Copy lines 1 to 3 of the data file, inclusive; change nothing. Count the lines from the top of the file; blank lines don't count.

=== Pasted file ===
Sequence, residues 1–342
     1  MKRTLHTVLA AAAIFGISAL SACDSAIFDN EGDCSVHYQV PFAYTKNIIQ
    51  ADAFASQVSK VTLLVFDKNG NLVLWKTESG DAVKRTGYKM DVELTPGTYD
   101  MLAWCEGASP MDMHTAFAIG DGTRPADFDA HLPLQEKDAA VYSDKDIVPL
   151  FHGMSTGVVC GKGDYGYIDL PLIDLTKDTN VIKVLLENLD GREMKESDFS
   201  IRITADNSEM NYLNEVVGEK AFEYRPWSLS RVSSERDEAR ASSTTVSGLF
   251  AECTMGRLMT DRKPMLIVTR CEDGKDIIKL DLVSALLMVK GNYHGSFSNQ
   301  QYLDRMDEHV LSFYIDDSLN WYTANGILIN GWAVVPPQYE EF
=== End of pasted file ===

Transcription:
Sequence, residues 1–342
     1  MKRTLHTVLA AAAIFGISAL SACDSAIFDN EGDCSVHYQV PFAYTKNIIQ
    51  ADAFASQVSK VTLLVFDKNG NLVLWKTESG DAVKRTGYKM DVELTPGTYD